This study investigated sex differences in responding to the pentylenetetrazol (PTZ, a γ-aminobutyric acid A antagonist) discriminative stimulus and to substitution to PTZ during ethanol withdrawal. The PTZ stimulus has served as an anxiogenic stimulus in numerous studies. Adult male and female rats were trained to discriminate PTZ (16 mg/kg i.p.) from saline in a two-lever food-reinforced task. They were then gonadectomized or sham- operated. Ovariectomized (OVX) rats were also tested during 17β-estradiol (2.5 mg, 21 days release, s.c.) replacement. The PTZ dose response (0-16 mg/kg i.p.) was tested in all groups. In general, fewer females than males responded to PTZ. Diazepam (DZP; 0-10 mg/kg i.p.) injected before PTZ (16 mg/kg) decreased the number of rats selecting the PTZ lever. This effect was greater in sham female and estradiol-replaced-OVX rats than in male or OVX rats. Rats then received chronic ethanol diet (6.5%) for 10 days. During ethanol withdrawal (12 h after termination of the ethanol diet), they were tested for PTZ lever selection. PTZ lever selection differed between groups: sham or castrated male rats > OVX > sham female or estradiol-replaced-OVX rats. In sham female rats, estradiol concentrations showed a cyclic pattern with an estradiol surge that did not influence their PTZ discrimination performance. After i.p. injection of ethanol (2 g/kg), blood ethanol concentrations were not different in male and female rats. These findings suggest that 1) female rats are less sensitive to the anxiogenic effects of PTZ; 2) female rats are less sensitive to the anxiogenic effects of ethanol withdrawal; and 3) estrogen plays some role in mediation of these sex differences.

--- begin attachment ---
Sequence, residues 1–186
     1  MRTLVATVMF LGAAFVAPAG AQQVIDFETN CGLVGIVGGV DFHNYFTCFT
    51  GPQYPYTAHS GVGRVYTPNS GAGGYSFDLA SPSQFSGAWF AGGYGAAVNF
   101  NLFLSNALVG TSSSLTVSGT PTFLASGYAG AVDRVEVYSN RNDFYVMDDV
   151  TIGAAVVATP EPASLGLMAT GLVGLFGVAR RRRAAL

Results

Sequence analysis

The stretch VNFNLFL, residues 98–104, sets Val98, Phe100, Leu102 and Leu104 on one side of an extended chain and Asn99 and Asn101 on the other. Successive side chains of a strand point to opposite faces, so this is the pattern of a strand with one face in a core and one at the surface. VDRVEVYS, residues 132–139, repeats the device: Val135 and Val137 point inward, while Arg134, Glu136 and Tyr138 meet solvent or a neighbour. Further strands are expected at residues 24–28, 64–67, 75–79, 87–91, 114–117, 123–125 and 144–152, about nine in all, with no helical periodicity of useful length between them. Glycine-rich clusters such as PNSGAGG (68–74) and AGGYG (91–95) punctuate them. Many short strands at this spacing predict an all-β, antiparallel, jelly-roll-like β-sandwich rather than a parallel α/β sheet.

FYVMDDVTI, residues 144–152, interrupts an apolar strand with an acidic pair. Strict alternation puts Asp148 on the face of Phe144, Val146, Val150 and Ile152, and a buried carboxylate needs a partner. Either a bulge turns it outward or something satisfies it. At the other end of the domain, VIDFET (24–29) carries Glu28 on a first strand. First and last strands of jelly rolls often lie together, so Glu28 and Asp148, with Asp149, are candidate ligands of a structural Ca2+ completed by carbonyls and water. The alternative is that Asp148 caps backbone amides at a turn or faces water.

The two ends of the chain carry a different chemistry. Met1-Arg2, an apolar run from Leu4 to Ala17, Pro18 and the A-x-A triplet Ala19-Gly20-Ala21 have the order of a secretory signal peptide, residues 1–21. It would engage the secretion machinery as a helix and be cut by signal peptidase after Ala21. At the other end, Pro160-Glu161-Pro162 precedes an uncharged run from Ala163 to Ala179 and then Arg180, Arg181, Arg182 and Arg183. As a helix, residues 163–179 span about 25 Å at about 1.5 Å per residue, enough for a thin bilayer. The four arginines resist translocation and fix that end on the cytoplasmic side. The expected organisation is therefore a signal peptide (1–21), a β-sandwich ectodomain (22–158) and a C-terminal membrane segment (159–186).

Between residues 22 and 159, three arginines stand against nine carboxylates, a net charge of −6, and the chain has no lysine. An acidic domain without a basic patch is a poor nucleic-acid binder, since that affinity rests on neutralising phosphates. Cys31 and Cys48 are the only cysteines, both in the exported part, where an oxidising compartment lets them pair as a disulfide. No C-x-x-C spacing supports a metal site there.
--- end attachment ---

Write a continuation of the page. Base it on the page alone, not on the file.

|Number of pages||7|
|Journal||Journal of Pharmacology and Experimental Therapeutics|
|State||Published - 1 Nov 1999|